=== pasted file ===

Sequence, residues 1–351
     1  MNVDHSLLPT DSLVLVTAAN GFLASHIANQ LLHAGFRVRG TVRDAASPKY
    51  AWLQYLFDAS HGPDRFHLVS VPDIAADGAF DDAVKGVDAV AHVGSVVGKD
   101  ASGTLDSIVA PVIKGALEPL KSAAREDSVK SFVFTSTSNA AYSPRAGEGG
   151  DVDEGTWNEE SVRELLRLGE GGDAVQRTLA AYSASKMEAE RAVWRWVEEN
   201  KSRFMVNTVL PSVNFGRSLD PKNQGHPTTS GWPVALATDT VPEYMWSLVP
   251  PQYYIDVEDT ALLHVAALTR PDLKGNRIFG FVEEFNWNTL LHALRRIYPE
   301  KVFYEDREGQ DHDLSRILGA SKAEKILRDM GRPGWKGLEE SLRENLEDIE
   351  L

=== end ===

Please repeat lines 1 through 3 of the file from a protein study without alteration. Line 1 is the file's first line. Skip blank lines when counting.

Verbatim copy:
Sequence, residues 1–351
     1  MNVDHSLLPT DSLVLVTAAN GFLASHIANQ LLHAGFRVRG TVRDAASPKY
    51  AWLQYLFDAS HGPDRFHLVS VPDIAADGAF DDAVKGVDAV AHVGSVVGKD